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Tools for promoting circular construction in cities

By Tiina Haaspuro

Cities can promote circular and regenerative construction practices by combining circular economy solutions with various administrative tools and control measures.

Measures include tightening building regulations, providing financial incentives, and improving information sharing and learnings around circular construction practices. Various circular economy goals can be set in the bidding phase of construction projects and/or in land competitions. This article provides examples of solutions that promote the circular economy for construction which have been identified as practical and possible to use in cities within Finland's current regulatory environment, and could be feasibly replicable in other cities. The existing vision and strategy defined by Finnish cities for promoting circular construction paints a clear message about the importance of the issue to the industry and encourages operators to use new solutions and operating models.

Here are various practical measures that cities could implement for building projects:

  • A requirement to evaluate a project's circular economy measures or conduct a Life Cycle Assessment before a new building permit is issued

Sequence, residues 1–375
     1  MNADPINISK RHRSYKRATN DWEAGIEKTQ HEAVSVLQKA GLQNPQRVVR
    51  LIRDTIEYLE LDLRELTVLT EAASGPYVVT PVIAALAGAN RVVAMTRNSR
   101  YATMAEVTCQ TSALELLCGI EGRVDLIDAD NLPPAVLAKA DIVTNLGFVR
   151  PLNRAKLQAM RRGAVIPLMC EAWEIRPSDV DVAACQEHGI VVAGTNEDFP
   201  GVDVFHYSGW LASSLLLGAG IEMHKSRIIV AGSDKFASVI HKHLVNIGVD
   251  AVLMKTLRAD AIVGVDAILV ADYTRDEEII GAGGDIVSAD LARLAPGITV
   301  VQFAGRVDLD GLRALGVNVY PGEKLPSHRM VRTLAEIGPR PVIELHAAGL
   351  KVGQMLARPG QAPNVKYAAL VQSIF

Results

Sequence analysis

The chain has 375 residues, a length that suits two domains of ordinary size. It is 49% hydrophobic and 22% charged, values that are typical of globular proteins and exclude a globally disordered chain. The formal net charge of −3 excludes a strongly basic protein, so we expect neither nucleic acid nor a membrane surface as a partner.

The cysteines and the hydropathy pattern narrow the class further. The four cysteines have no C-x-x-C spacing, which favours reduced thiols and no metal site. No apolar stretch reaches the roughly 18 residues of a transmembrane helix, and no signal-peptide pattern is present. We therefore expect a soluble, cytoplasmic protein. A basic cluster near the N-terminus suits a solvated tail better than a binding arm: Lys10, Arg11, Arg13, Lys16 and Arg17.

• Prioritise right to builds for projects or sites where certain environmental criteria are met, such as preservation of an existing building, large-scale reuse or use of recycled building parts and materials, or a smaller carbon footprint

  • Require operators to report information that promotes the monitoring of the circular economy (for example material quantity data, waste data, proportion of reused or recycled material)

In directing materials and building parts for reuse, requirements attached to permits or the contract during the bidding stage can be used, such as a requirement to use recycled material and/or used building parts in new buildings (for example, a certain percentage) or a requirement to recycle or redirect a certain percentage of demolition material in a demolition contract. The use of certain non environmentally friendly materials can be prohibited and, whereas financial compensation could be granted for achieving a reuse or recycling goal. Requiring pre-demolition audit surveys in demolition projects would also contribute to the opportunities for directing the reuse of materials.

To extend the life cycles of buildings in cities, it can be agreed that buildings intended for short-term use are required to be built from ready-made modules or elements, so that they can be moved and reused more easily. Degradability goals can also be set for such buildings and/or certain building parts, such as the possibility of being disassembled so that the parts can be reused as they are.

Tiina Haaspuro is Project researcher for CIRCuIT at HSY in the Helsinki region. This article was first published in Finnish on HSY's website here.

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